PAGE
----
As a reciprocal gesture, Bhutan’s newly elected Prime Minister Dr Lotay Tshering is visiting India with a three-day official visit schedule from 27 December. During his visit, the Druk Prime Minister is expected to call on Indian President Ram Nath Kovind and vice-President M. Venkaiah Naidu besides discussing with his host counterpart Narendra Modi on various bilateral issues.
The trip signifies the importance of Indo-Bhutan
relationship as it is Dr Tshering’s first official visit to abroad after taking
the rein of Royal Government in Thimphu. It is reciprocal in nature as Modi too
paid his first official visit to Bhutan after getting sworn in as Prime Minister of India in 2014.
India’s foreign ministry, in a recent media release, stated that Dr Tshering’s visit is taking place during the golden jubilee year of Indo-Bhutan diplomatic relationship as both the neighboring countries enjoy exemplary ties of friendship and cooperation, based on utmost trust, goodwill and mutual understanding at all levels.
“The upcoming visit of PM Dr Tshering will provide an opportunity to both the sides to review the progress in the multifaceted partnership and to discuss ways and means to expand the enduring ties of friendship and cooperation for the benefit of the citizens in both the countries,” added the media release.
Bhutan had recently witnessed the third national elections,
held in October 2018, where Dr Tshering’s party named Druk Nyamrup
Tshogpa (DNT) emerged winner. A practicing physician successfully nurtured supports
from 438,663 registered electorate (out of total 735,553
population) in the electoral battles and become third Prime Minister of the south Asian nation.
Sandwiched between two giant nations India and Tibet (now under China), the Buddhist nation was ruled by monarchs, when the Dragon King Jigme Singye Wangchuk himself proposed for transforming it for a democratic constitutional monarchy. The Druk democracy witnessed the first ever elections in March 2008 and prior to that Oxford educated Prince Jigme Khesar Namgyel Wangchuck was crowned as the ceremonial Head of the State.
Besides DNT, three more registered political parties namely People’s Democratic Party (PDP), Druk Phuensum Tshogpa (DPT) and Bhutan Kuen-Nyam Party (BKP) were in the fray. Led by Jigmi Y Thinley, DPT won the first national election of the Himalayan nation (also known as Druk Yul in Bhutanese or Land of the Thunder Dragon). But this time the party lost the poll battles.
In the 2013 national elections PDP emerged as the winner and Tshering Tobgay became the second Prime Minister of Bhutan. In the last polls his party too lost and DNT came to the front to form the government.
Tobgay was a dependable pro-India politician, but Dr Tshering was not known as a pro or anti India. During his poll campaigning, the doctor turned politician emphasized only on development issues for the Bhutanese nationals.
However, Dr Tshering has lately clarified that Bhutan’s policy towards India would not be changed. From the initiative of Bhutan’s fourth Wangchuck dynasty king Jigme Singye Wangchuk, his nation got inspiration to embrace New Delhi as a trusted neighbor. The present king Jigme Khesar follows the spirit saying that India is a special friend to Bhutan.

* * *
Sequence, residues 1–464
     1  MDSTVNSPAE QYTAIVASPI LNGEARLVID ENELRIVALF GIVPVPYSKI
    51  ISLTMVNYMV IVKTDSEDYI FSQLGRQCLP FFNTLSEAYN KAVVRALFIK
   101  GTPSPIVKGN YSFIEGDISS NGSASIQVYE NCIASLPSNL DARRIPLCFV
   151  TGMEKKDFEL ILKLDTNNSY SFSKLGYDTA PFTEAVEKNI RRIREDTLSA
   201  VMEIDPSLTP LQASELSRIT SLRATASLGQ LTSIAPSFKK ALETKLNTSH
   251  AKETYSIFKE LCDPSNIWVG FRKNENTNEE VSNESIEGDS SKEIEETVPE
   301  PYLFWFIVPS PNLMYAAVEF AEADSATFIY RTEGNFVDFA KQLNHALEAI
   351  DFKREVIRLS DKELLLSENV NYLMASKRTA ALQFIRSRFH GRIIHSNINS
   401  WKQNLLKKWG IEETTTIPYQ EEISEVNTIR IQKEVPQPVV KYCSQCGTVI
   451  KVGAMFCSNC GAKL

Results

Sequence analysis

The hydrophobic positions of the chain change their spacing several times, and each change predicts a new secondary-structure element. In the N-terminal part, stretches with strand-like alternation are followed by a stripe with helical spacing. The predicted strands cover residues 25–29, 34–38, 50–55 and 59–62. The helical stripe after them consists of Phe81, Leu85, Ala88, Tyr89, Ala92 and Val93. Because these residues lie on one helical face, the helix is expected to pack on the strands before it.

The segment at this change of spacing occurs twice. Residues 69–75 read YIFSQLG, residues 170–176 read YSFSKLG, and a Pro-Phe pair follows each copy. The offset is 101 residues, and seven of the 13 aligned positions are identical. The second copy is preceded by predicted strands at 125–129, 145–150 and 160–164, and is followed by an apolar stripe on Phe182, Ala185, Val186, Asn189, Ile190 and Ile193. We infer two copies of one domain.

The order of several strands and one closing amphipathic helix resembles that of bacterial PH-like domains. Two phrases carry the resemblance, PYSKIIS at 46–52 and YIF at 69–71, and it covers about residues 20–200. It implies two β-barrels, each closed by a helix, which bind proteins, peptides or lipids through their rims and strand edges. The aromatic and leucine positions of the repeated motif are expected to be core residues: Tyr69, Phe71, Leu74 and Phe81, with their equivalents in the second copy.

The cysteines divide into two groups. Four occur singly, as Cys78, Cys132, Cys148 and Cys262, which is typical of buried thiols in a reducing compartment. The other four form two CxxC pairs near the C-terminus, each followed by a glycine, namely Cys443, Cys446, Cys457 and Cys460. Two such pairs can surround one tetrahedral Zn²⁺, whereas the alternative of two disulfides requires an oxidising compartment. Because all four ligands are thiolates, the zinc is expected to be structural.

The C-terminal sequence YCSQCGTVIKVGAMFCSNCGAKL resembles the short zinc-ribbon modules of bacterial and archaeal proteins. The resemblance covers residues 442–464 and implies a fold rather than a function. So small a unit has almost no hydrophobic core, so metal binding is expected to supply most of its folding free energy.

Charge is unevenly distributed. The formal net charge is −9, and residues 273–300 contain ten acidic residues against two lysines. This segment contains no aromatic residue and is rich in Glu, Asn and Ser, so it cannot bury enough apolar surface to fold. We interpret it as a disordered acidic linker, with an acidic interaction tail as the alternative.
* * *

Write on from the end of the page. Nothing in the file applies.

Bhutan PM is expected to discuss various bilateral issues with his Indian counterpart during his visit. Among them, the budget for 12th five-year plan and New Delhi’s assistance during the plan would be prioritized. Moreover the increase of electricity export tariff would also be in the priority list for Bhutan, as its revenue generation is seemingly dependent on the levy for 720-megawatt Mangdechhu hydropower project.
Notably, New Delhi provided rupees 45 billion along with
rupees 5 billion as financial incentives to Bhutan during its 11th plan (2013-2018).
At the same time, the hydroelectricity projects in south
Bhutan have been patronized by India, where most of the products (electricity) are consumed by the giant neighbor as well.
“Led by the Kings who have guided our nation from monarchy to multi party democracy, Bhutan stands firmly with India. When the Chinese annexed Tibet in the late 1950s, Bhutan sealed off its northern border. The visit of Pandit Jawaharlal Nehru in 1958 was a watershed moment for Indo-Bhutan relations, and since then Bhutan’s ties with India has remained firm,” said Gopilal Acharya, an acclaimed Bhutanese author and political commentator.
Speaking to this writer from Thimphu, Acharya pointed
out that Indo-Bhutan kind of friendship and trust is important for
resolution of conflicts like the one we saw in Doklam last year, when the
troops and China’s People’s Liberation Army personnel were engaged in a standoff for over two months.
The conflict started on 16 June 2017 at strategically important Doklam locality, which is in a tri-nation junction among Bhutan, India and China, following the Indian soldiers’ prohibition for constricting a road by the Chinese forces. Finally the Beijing administration asked its armed personnel to retreat and the issue was temporarily resolved on 28 August.
Beijing criticized New Delhi for its intervention at Doklam
saying that ‘China-Bhutan border issue had nothing to do with India as a third
party and it had no right to interfere in or impede the boundary
talks between Beijing and Thimphu’. However, the Bhutan government supported India’s presence over the issue declining any land swap deal with Beijing.
The Thimphu based young writer also added that as a country floating the concept of Gross National Happiness to the world, Bhutan keeps the interests of its citizens paramount, be it for health, education or a clean environment, where India’s goodwill always remains a priority.